The Lloyd’s of London insurance and reinsurance marketplace reported a £2.3 billion profit before tax for the first-half of 2019, but the investment return drove all of that as underwriting again failed to deliver and actually declined in the period.
CEO John Neal cited an improving underwriting outlook, as attritional losses declined, but overall the Lloyd’s market reported a combined ratio of 98.8%, up on the 95.5% from the prior year, reflecting still challenging performance in the marketplace.
The investment return came out at an impressive 3.2%, delivering £2.3 billion of investment profit which accounts for the entire half-year result.
Unrealised gains due to reducing US and UK bond yields and strong returns from equities helped to deliver the impressive investment performance in the period.
But, and perhaps a little concerning for the market, the underwriting contribution to pre-tax profits was just £0.1 billion, down from £0.5 billion in the prior half-year.
Gross premiums written were up slightly at £19.7 billion, compared to H1 2018’s £19.3 billion, although the market points to more discipline within it as removing foreign exchange effects and growth from new syndicates suggests that actually year-on-year premiums fell by 2.6%.
Lloyd’s said this is due to a 6.5% reduction in business volumes, which were due to underwriters adjusting their books to improve performance. The market also saw average risk adjusted rate increases of 3.9%.
Lloyd’s also cites the reduction in attritional loss ratio, which fell year-on-year, as evidence of greater discipline in the marketplace.
However, the accident year ratio H1 2019 was 99.2%, only very slightly better than the 99.3% at June 2018 and Lloyd’s noted an increase in attritional losses on older underwriting years, slightly offset by improvement in the attritional ratio for the youngest 2019 underwriting year, when compared to the prior year experience.
Major claims added 1.4% to the combined ratio in H1 2019, compared with 0.6% in H1 2018, largely due to claims within aviation lines of business.
However, the property lines of business saw lower than average catastrophe losses in the first half of 2019, which suggests a higher catastrophe experience would have very quickly driven Lloyd’s to an underwriting loss for H1.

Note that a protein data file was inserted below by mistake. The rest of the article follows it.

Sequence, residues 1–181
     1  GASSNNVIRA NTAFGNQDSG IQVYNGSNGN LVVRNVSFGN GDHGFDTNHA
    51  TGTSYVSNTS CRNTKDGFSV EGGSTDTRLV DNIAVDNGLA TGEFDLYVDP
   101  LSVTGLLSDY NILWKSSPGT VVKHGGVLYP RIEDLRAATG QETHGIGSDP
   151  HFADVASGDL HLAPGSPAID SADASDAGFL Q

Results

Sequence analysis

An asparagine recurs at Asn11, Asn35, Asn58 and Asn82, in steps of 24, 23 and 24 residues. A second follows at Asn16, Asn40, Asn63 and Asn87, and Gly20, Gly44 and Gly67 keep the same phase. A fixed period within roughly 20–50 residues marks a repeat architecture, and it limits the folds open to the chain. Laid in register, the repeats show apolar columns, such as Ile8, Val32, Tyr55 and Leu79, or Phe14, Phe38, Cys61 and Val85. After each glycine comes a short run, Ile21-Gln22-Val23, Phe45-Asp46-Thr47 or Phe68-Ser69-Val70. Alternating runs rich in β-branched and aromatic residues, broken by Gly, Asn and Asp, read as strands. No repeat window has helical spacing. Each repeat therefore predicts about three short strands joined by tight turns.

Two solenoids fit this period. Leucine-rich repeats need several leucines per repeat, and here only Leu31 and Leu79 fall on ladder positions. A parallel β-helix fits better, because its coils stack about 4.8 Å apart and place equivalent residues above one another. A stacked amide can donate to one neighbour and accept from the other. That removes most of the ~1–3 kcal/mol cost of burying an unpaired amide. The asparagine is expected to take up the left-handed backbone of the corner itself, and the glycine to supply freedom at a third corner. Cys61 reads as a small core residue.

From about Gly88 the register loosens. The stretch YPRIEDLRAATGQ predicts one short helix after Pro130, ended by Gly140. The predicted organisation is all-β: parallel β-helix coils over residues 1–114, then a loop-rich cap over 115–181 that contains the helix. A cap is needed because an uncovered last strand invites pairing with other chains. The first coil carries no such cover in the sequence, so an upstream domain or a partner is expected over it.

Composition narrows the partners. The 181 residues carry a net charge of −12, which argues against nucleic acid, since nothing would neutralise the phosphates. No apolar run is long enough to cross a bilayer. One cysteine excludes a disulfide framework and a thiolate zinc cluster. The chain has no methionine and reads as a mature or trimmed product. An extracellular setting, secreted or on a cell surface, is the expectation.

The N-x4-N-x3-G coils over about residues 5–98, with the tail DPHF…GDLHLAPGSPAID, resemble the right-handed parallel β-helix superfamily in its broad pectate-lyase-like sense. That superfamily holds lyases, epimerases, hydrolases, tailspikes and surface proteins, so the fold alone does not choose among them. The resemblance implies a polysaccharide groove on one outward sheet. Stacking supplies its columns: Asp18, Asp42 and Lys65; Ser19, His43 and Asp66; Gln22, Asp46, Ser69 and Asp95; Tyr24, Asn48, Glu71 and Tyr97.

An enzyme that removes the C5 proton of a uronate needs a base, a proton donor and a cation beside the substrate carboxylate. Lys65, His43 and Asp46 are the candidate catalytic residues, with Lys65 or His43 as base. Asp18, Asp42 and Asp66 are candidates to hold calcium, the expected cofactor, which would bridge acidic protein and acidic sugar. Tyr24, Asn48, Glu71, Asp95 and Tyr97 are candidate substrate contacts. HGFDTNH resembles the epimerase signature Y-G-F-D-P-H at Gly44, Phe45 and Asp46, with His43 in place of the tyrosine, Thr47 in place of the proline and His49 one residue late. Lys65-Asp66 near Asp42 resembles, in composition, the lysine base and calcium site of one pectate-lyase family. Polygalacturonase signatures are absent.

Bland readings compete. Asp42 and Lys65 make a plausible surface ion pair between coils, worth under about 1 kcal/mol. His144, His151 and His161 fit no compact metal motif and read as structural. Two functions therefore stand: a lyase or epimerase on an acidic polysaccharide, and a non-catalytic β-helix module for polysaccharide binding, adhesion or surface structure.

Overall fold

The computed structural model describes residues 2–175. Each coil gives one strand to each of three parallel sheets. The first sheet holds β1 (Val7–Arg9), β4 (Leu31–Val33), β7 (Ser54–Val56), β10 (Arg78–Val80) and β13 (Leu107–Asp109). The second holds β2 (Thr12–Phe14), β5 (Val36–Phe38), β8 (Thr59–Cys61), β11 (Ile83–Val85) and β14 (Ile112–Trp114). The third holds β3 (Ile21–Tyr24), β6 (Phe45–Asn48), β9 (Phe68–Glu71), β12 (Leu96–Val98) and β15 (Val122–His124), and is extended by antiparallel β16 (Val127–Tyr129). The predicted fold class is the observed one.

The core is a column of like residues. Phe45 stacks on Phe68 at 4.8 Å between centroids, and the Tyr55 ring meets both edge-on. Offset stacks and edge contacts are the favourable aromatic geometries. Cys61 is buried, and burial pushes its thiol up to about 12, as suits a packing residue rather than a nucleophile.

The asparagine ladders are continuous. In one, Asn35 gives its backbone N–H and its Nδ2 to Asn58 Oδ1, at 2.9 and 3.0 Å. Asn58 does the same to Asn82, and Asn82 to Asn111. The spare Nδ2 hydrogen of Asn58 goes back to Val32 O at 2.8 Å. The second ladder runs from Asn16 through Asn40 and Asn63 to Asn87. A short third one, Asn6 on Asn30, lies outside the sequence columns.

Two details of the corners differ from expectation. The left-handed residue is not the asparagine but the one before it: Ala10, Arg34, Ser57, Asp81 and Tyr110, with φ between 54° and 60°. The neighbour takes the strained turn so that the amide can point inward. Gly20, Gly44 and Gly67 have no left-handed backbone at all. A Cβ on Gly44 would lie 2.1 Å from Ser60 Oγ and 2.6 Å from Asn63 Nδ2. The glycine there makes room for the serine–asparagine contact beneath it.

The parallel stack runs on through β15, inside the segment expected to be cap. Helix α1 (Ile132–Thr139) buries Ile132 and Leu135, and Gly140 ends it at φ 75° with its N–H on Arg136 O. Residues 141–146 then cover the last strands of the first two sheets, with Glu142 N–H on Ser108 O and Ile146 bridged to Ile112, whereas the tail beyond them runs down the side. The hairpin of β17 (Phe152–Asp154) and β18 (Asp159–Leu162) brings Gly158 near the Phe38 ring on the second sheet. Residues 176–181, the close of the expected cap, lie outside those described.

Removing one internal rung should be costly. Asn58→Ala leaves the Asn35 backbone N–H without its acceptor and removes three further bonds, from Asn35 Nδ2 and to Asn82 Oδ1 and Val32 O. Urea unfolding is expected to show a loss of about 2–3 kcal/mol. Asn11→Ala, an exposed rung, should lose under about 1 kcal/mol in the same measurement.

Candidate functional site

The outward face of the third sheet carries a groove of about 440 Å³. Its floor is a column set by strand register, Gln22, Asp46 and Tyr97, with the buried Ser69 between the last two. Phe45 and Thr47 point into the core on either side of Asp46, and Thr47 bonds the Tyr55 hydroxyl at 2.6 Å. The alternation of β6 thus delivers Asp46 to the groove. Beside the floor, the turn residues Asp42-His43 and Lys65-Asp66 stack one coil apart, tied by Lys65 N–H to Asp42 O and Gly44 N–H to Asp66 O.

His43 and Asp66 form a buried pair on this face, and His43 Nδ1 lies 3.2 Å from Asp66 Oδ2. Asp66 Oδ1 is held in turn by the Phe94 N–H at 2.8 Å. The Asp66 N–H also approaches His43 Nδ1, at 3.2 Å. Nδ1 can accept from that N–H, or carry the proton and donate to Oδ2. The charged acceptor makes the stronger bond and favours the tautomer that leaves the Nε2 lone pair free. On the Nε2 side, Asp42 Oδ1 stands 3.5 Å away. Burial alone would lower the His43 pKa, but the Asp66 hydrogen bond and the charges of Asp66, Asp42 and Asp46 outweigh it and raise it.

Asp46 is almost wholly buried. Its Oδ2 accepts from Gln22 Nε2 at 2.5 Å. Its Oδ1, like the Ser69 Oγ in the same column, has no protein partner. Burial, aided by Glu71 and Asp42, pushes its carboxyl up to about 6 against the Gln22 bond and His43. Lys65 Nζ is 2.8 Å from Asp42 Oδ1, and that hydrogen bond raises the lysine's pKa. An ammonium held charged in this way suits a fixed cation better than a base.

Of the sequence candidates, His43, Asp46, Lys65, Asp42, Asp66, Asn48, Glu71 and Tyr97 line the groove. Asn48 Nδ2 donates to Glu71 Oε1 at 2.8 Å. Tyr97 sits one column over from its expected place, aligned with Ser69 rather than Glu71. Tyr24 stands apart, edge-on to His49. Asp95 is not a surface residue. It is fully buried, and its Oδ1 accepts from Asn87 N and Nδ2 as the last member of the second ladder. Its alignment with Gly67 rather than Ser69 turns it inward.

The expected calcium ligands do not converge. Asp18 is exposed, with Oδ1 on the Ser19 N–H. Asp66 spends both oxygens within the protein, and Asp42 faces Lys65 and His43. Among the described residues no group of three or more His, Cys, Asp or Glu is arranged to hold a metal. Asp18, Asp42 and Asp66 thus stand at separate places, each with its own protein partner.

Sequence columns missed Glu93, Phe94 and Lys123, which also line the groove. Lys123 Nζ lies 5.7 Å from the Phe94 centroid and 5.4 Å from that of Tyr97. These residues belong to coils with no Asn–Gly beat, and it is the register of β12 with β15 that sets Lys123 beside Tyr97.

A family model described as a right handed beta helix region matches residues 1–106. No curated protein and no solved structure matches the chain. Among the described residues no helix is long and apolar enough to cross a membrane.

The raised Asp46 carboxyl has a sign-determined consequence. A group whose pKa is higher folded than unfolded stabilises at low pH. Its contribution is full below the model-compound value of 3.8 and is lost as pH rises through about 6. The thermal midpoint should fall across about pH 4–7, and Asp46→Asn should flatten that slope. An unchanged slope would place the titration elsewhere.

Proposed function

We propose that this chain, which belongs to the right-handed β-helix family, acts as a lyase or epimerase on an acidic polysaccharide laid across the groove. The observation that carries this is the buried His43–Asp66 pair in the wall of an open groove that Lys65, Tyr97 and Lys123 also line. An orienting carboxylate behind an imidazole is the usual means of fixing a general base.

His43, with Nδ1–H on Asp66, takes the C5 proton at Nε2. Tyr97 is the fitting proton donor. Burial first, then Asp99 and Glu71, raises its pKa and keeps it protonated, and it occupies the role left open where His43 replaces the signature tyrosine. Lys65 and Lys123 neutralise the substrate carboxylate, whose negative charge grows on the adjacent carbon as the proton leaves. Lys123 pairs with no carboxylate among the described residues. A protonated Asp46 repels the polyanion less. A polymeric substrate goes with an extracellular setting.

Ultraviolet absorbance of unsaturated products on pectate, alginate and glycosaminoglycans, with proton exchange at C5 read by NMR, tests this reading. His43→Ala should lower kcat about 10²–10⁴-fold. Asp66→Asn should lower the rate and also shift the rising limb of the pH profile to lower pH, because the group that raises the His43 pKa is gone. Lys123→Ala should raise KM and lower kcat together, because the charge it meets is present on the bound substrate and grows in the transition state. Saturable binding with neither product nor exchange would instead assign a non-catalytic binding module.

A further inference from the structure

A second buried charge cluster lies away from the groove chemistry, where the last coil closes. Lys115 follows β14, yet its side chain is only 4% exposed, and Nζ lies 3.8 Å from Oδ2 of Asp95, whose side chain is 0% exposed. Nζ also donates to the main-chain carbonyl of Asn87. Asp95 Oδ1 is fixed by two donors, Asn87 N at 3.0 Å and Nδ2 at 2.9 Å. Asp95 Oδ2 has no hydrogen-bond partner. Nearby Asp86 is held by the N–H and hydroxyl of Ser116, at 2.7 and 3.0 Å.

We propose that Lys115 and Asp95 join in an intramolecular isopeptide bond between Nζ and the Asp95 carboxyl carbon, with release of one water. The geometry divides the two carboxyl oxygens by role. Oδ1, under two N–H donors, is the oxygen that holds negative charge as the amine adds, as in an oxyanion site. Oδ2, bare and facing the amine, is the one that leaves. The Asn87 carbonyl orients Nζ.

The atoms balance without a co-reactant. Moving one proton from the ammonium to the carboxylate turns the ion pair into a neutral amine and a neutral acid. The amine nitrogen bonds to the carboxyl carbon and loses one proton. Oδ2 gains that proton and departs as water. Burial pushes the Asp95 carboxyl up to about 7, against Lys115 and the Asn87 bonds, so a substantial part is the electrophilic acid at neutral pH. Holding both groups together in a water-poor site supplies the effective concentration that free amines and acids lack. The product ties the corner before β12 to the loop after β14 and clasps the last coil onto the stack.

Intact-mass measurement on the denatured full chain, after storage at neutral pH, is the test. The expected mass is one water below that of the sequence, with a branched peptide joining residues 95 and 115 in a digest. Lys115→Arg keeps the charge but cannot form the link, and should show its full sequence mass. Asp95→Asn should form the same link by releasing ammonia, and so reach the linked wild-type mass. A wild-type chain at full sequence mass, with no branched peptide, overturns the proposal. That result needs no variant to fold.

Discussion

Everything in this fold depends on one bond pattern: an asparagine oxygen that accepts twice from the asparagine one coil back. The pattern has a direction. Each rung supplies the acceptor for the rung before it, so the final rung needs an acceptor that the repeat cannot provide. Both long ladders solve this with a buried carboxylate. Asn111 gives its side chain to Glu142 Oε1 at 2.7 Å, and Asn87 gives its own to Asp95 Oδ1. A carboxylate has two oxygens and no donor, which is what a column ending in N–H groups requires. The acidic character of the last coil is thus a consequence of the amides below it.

In fact, Lloyd’s notes in its interim report that the property segment was “the only sector to experience an accident year ratio below 100%” during the period, which is telling of the work that still needs to be done to get Lloyd’s into a more profitable position.
The reinsurance segment actually fell to a loss at Lloyd’s for the period, which it seems was largely due to reserve strengthening.
Lloyd’s managed to reduce its operating expense ratio by 1.2% in the period, from 39.3% in 2018 to 38.1% in 2019. In the main this was due to the continued effort by the market to manage its expenses, Lloyd’s said, which contributed a 1.5% reduction.
Also of note, Lloyd’s reported a strong balance-sheet, with net resources reaching £32.4 billion, up from £28.2 billion at the end of 2018, while the central solvency coverage ratio reached 266%, up from 249% at the end of 2018.
So there are some signs of better performance in Lloyd’s, but the fact the underwriting result has declined so much even in a period of low catastrophe losses may be cause for some concern and highlight the need for a continued focus on performance in the market.
John Neal, Lloyd’s Chief Executive Officer, commented on the results, “We are pleased to report a profit during the first six months of 2019. It is encouraging that the Lloyd’s market is showing increased discipline in 2019 as evidenced by a reduction in gross written premiums and an improvement in the attritional loss ratio for the current underwriting year. However, we recognise the importance of continued focus on performance management to maintain this momentum throughout the rest of 2019 and beyond.
“At the same time as ensuring that our market can deliver sustainable, profitable growth, we need to make some brave choices on how to meet the expectations of our customers and all our stakeholders in the future. The Future at Lloyd’s strategy will ensure that our marketplace is ready for these challenges and opportunities ahead of us, with the first blueprint to be published on 30 September.”
Neal is clearly still bullish about the Lloyd’s market’s prospects, feeling that the results reflect some improvement in overall performance.
But they reflect the amount of work left to do, with performance still a key issue the market needs to resolve.
“This is a once-in-a-generation opportunity for the evolution of the Lloyd’s market place, and an exciting time for Lloyd’s to show leadership on the three key fronts of performance, strategy and culture. We are making good progress, with essential and valued support of all of our stakeholders,” Neal said, commenting on the work being undertaken to modernise Lloyd’s.